For most vehicle owners, scrapping a car is considered necessary when its outlived its usefulness. No longer safe to drive or impractical to keep repairing, many cars at some point will need to be disposed of. A failed MOT test, costly work that needs to be carried out or simply being unable to secure a buyer are common situations in which owners choose to scrap their cars. Whatever the reason, when this day arrives cars must be disposed of both legally and correctly to avoid unnecessary problems arising. While a logbook can be useful when scrapping your vehicle, it’s not a must, but it’s absence will mean a little more work on your part.
Following the correct procedure when you aren’t in possession of a logbook can save you a lot of trouble from fines for breaking the law to additional costs from scrap dealers. Read on for everything you need to know when selling your car for scrap when you don’t have the logbook.
Can I scrap my car without a V5?
Prior to modernisation, the title documentation for a car was called the logbook. More commonly called a V5 document, the term “logbook” is still sometimes used to refer to this vehicle registration document officially issued by the DVLA (Driver and Vehicle Licensing Agency).
Under UK law, you don’t need to possess a V5 registration document for the car you are seeking to scrap. While it’s not a necessity, it can be an easier process to scrap your car if you’ve still got your V5 certificate. You can either choose to scrap your vehicle without a V5 registration document or apply for a new one from the DVLA for a fee of £25 and then scrap.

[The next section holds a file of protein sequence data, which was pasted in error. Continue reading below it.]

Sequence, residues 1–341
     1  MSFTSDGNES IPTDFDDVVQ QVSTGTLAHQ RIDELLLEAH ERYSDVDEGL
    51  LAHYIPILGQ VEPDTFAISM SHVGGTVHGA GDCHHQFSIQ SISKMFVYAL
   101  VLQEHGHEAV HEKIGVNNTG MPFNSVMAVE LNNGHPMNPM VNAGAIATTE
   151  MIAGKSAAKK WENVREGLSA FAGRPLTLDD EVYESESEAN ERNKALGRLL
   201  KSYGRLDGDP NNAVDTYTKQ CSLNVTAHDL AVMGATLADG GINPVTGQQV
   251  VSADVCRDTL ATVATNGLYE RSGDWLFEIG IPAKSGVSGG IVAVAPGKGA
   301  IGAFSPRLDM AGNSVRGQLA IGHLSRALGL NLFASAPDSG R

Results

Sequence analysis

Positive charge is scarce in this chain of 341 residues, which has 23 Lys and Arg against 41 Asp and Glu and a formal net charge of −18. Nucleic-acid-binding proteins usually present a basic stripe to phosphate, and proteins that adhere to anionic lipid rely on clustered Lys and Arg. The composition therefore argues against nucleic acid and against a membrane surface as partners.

Although rare today, some scrap dealers will insist on a V5 certificate or logbook before any scrapping can take place. Due to pressure from authorities to crack down on vehicle-related crime, some scrap dealers require more authentication than others. If you find yourself in this situation, you can either choose an alternative vehicle scrapyard to scrap your car or apply to the DVLA for a replacement V5 registration document.
It’s unlikely you will come up against this circumstance due to changes in the law. The Scrap Metal Dealers Act of 2013 insists that all scrap dealers must obtain both proof of address and photo identification from those wishing to scrap their vehicles before carrying out disposal. Secure in the knowledge that they can trace their customers, scrap dealers are typically satisfied to carry out disposal without a logbook present.
Be wary however, when scrapping your vehicle without a V5 that you are not taken advantage of. Less reputable scrap dealers have been known to charge a £25 fee for vehicles without V5 registration documents. This is an unnecessary cost for you to pay.
How to scrap a car without a v5
If you don’t have a V5 registration document and have decided against purchasing a replacement from the DVLA, you are now ready to scrap your vehicle. But where do you start?
Locate an Authorised Treatment Facility (ATF), also known as a scrapyard, close to your location and contact them for a quote. Prices for scrapped cars fluctuate and vary due to several factors, including the presence of parts for re-sell, make and model, market rates at the time and even the specific region where vehicles are collected from.
If you’re satisfied with the quote, you can arrange a day and time for your car to be disposed of. You can either take your vehicle to the ATF yourself if it is roadworthy or arrange to have it collected.
Should you wish to hang onto your licence plate, before you scrap your vehicle you must register to retain it at a cost of £80.
After your car has been scrapped the DVLA must be notified, in some cases the ATF will let them know but don’t ever leave this to chance. DVLA notification is a task that could normally be managed online, but in the absence of a V5 registration document there’s an additional step to perform to complete the process.